Building hull in cross sections

Discussion in 'Multihulls' started by SmallSpaceBigImagination, Mar 22, 2021.

  1. gonzo
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    gonzo Senior Member

    What is your budget?
     
  2. SmallSpaceBigImagination
    Joined: Mar 2021
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    Location: Toronto,Canada

    SmallSpaceBigImagination Junior Member

    I think the average 32ft (smaller beam) is approx $50k usd. I'd expect to have to put a bit more into the plans for engineering. I'm thinking $60k usd all in, with the plan costing 10%+ with the modifications. but the rest of the build will likely be spread out over 5+ years
     
  3. bajansailor
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    bajansailor Marine Surveyor

    I think that this is a very optimistic estimate - I remember @fallguy mentioning on here a little while ago that he has already invested something like $150k in building his 32' Skoota, and he was then still a long way from completion.
     
  4. SmallSpaceBigImagination
    Joined: Mar 2021
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    SmallSpaceBigImagination Junior Member

    good to know... i based it on an article I found on the net. All the more reason to want to spread out the costs. still much cheaper than the 2018 ex charter motor cqt i was obsessing over a while back!
     
  5. gonzo
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    gonzo Senior Member

    That budget is very low. $150,000 is closer to a realistic cost. For example, a pair of 40HP outboards with electric start are about $15,000. The rigging and steering will be another $3,000. Make a takeout of materials to get a cost. That should include tools you need to buy or rent and all the disposables like sandpaper, solvents, cleaning supplies, etc.
     
  6. guzzis3
    Joined: Nov 2009
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    guzzis3 Senior Member

    How many people ? I wouldn't consider a boat over 30' unless I had 18 children.

    Good point about Rob (harryproa). I hadn't noticed motor proas in his portfolio. If he has something that suits you will find no more efficient build. His build methods are magic. Economic on materials also.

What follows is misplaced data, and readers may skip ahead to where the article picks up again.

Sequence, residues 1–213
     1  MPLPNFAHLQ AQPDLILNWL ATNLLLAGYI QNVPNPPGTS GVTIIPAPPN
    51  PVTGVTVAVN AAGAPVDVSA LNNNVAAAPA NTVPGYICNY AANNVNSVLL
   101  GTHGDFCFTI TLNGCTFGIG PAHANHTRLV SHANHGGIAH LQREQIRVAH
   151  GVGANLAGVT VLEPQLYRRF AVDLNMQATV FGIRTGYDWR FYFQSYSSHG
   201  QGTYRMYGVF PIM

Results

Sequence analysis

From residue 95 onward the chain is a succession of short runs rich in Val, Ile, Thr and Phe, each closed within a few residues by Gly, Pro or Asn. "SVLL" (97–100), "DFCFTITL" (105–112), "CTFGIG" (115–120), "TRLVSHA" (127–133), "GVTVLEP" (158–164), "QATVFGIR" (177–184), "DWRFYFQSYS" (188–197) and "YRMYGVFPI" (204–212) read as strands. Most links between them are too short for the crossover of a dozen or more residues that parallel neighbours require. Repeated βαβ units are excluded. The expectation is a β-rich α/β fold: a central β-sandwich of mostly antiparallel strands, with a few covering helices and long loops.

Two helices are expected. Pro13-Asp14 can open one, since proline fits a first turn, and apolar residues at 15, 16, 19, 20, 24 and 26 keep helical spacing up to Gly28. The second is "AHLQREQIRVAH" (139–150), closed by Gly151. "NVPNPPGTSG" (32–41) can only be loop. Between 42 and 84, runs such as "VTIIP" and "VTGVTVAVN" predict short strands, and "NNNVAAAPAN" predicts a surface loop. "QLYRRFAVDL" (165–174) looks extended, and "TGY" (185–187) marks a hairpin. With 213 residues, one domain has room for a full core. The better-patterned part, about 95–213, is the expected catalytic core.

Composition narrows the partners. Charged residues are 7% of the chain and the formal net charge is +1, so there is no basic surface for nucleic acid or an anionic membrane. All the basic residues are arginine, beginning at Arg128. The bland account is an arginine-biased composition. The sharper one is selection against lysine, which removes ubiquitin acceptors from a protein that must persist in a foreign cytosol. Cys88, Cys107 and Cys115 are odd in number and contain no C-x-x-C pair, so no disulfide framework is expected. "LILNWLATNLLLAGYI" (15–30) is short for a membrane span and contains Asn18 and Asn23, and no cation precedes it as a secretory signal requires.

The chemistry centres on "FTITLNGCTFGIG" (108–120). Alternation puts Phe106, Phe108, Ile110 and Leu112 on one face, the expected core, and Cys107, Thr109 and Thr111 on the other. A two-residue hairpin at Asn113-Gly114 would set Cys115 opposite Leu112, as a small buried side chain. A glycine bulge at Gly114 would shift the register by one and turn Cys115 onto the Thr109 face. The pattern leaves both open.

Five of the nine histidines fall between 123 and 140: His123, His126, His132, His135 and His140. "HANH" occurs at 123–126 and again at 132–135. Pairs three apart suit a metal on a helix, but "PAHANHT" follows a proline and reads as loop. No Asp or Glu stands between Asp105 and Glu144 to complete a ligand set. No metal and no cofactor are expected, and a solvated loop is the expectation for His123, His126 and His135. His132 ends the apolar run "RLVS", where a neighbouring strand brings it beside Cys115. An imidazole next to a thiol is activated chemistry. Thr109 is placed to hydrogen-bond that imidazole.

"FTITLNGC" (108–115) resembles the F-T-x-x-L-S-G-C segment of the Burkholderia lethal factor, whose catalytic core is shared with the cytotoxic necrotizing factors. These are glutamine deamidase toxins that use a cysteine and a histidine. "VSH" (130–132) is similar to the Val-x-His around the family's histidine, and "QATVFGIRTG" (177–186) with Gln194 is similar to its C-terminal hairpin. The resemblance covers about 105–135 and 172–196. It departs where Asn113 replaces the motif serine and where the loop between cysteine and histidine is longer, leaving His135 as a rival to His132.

I will never understand why people want 40' boats but what would I know ?
     
  7. Dejay
    Joined: Mar 2018
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    Location: Europe

    Dejay Senior Newbie

    Oh sorry the harryproas are motorsailers at best. I'm new to boating as well but as far as sailboats go they seem very easy and forgiving with a standing mast and simple sails.

    But good to hear someone else thinks Rob is onto something :) The main thing is to design so the molds are simple to build and reusable and you can design it with tabs for multiple parts and interior furniture that can be tabbed together. So it's not just the boat but the interior that is easy to build and fit out. I'd love to see a design for a motor boat (trimaran?) that can be build like that.

    And slim, long and lightweight would be good for energy efficiency for displacement speeds e.g. for electric or solar boats with low power density. Basically adding length without having much in it. Problem is really berthing costs and transport. Maybe a detachable bow?
     
  8. SmallSpaceBigImagination
    Joined: Mar 2021
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    SmallSpaceBigImagination Junior Member

    I’m looking for a bit more than a weekender ... as I mentioned would like one day to sail to Warmer weather during the winter... and I only have 2 children that will not be coming! Just the 2 of us.

    The larger the boat the more comfortable my wife can make herself - as it is the designs I’ve looked at have a single head and that’s not sitting well - compromises... but it all boils down to happy wife happy life
     
  9. SmallSpaceBigImagination
    Joined: Mar 2021
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    SmallSpaceBigImagination Junior Member

    I have looked at Harryproa and I like a few of their designs.
    Being an older couple I’m. Not sure we could handle a proa during tack- having to basically move all the controls from one end to the other quickly.
    I’m also not averse to learning to sail.. iI’m just concerned about climbing a mast at my age or standing on a rocking deck to furl a sail! I just know I’d motor more than sail. But any opinion / advice would be awesome ...
     
  10. SmallSpaceBigImagination
    Joined: Mar 2021
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    Location: Toronto,Canada

    SmallSpaceBigImagination Junior Member